The $2 trillion stimulus bill, which became law on March 27, contains many tax provisions. Here’s a look at them, which range from credits to temporary changes to retirement plan rules.
The IRS announced that, because of staff shortages, it was closing the Practitioner Priority Service, a special phone line for tax practitioners, as well as the e-Services Help Desk line and the e-Services, FIRE, and AIR system help desks “until further notice.”
The IRS issued rules to implement paid sick and child care leave credits enacted in response to the pandemic.
The IRS postponed the payment and return filing requirements for gift and generation-skipping transfer taxes due April 15 to July 15, matching prior postponements granted to federal income taxes and returns
From Paul Bonner
In this episode, Ed Karl, CPA, the AICPA’s vice president-Tax Policy & Advocacy, outlines how the tax filing delay came about — and what it means for CPA tax practitioners and their clients.
AICPA Document Summaries for week of March 30, 2020
Prop. regs. issued on life insurance reserves
The IRS issued proposed regulations on the computation and reporting of reserves for life insurance companies. REG-132529-17 (4/1/20).
ESTATES, TRUSTS & GIFTS
Fifth Circuit affirms Tax Court estate valuation decision
The Fifth Circuit affirmed a Tax Court decision that a decedent’s estate was not entitled to a lack-of-control discount for purposes of valuing a limited partnership interest held in the decedent’s revocable trust. Estate of Frank D. Streightoff, No. 19-60244 (5th Cir. 3/31/20).
Public proposed regs. hearings to be held by telephone
The IRS announced that public hearings on proposed regulations will be held by telephone until further notice. Individuals who want to testify by telephone at a public hearing must send an email to email@example.com to receive the telephone number and access code for the hearing. Announcement 2020-4 (4/1/20).
IRS provides coronavirus-related relief from employment taxes penalties
The IRS issued a notice providing a waiver of (1) additions to tax for failure to make a deposit of taxes for employers required to pay qualified sick leave wages and qualified family leave wages mandated by the Families First Coronavirus Response Act (Families First Act) and qualified health plan expenses allocable to these wages, and (2) additions to tax for failure to make a deposit of taxes for certain employers subject to a full or partial closure order due to the coronavirus disease 2019 (COVID-19) or experiencing a statutorily specified decline in business under the Coronavirus Aid, Relief, and Economic Security (CARES) Act, P.L. 116-136. The notice applies (1) to deposits of employment taxes (including withheld income taxes, Federal Insurance Contributions Act taxes, and Railroad Retirement Tax Act taxes) reduced in anticipation of the credits with respect to qualified sick leave wages and qualified family leave wages paid with respect to the period beginning April 1, 2020, and ending Dec. 31, 2020, and (2) with respect to deposits of employment taxes reduced in anticipation of the credits with respect to qualified wages paid for the period beginning on March 13, 2020, and ending Dec. 31, 2020. Notice 2020-22 (3/31/20) (see related news story).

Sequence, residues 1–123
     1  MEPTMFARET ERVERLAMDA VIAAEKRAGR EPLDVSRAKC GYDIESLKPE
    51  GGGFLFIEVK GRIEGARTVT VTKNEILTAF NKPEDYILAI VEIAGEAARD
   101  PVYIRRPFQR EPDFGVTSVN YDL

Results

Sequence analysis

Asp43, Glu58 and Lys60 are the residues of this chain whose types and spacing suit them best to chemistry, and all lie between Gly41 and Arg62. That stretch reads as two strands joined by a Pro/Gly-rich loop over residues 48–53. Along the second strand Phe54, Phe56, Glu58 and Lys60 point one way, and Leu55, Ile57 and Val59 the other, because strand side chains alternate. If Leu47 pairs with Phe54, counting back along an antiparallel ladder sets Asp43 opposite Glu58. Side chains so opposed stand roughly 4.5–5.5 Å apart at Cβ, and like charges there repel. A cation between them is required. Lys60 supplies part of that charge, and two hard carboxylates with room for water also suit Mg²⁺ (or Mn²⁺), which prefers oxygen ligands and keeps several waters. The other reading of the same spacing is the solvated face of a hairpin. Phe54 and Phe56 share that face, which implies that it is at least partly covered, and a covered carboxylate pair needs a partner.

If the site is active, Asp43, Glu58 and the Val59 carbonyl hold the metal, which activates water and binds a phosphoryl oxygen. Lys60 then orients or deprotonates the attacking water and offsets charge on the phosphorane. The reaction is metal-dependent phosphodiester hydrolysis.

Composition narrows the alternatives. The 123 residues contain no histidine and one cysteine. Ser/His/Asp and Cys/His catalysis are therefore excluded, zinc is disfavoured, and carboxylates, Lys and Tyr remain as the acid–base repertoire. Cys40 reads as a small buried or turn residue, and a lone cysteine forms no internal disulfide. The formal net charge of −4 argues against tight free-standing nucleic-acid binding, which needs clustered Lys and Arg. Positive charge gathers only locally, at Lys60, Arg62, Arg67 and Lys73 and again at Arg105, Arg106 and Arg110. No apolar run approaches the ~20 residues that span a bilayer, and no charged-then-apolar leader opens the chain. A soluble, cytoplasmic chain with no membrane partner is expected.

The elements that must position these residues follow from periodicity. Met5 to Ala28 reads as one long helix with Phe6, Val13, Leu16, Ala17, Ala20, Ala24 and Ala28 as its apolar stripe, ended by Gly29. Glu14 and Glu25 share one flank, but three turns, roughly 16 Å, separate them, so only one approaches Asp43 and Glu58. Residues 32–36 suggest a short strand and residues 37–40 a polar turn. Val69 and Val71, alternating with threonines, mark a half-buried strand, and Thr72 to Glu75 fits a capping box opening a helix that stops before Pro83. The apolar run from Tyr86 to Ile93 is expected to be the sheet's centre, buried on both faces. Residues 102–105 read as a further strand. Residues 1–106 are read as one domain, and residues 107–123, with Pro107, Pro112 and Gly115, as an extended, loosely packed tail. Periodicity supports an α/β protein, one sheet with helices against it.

Form issued for advance employer tax credits
The IRS issued a new form and instructions for employers to use to obtain advance payments of three tax credits that were created to help businesses cope with the coronavirus pandemic. Form 7200 and instructions (3/31/20) (see related news story).
IRS provides guidance on economic impact payments
The IRS issued informal guidance on how it will pay recovery rebates or economic impact payments mandated by the Coronavirus Aid, Relief, and Economic Security (CARES) Act, P.L. 116-136, and how taxpayers who have not filed a return can become eligible for a payment. IR-2020-61 (3/30/20) (see related news story).
IRS acquiesces in result only to Feigh decision
The IRS announced its acquiescence in result only to the Tax Court’s decision in Feigh, 152 T.C. No. 15 (2019). The IRS said it acquiesces only to the court’s holdings that (1) Medicaid waiver payments received as wages for the care of the taxpayers’ disabled adult children in their own home are not excludable from income under Sec. 131; and (2) if such payments are treated as excludable from gross income pursuant to Notice 2014-7, the payments nevertheless may be earned income for determining a taxpayer’s eligibility to receive the Sec. 32 earned income credit and the Sec. 24 additional child tax credit. AOD 2020-2 (3/30/30).
Posted by Lewis J. Saret, Co-General Editor, Wealth Strategies Journal.